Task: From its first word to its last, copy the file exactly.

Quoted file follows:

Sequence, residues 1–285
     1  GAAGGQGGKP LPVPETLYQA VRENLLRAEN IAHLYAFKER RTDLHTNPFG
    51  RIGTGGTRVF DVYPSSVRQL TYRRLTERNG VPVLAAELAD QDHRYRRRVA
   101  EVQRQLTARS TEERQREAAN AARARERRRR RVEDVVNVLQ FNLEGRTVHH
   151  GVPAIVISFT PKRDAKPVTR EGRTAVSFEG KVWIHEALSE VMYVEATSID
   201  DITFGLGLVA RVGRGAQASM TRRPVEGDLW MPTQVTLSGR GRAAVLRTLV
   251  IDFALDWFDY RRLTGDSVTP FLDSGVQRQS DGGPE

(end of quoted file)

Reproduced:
Sequence, residues 1–285
     1  GAAGGQGGKP LPVPETLYQA VRENLLRAEN IAHLYAFKER RTDLHTNPFG
    51  RIGTGGTRVF DVYPSSVRQL TYRRLTERNG VPVLAAELAD QDHRYRRRVA
   101  EVQRQLTARS TEERQREAAN AARARERRRR RVEDVVNVLQ FNLEGRTVHH
   151  GVPAIVISFT PKRDAKPVTR EGRTAVSFEG KVWIHEALSE VMYVEATSID
   201  DITFGLGLVA RVGRGAQASM TRRPVEGDLW MPTQVTLSGR GRAAVLRTLV
   251  IDFALDWFDY RRLTGDSVTP FLDSGVQRQS DGGPE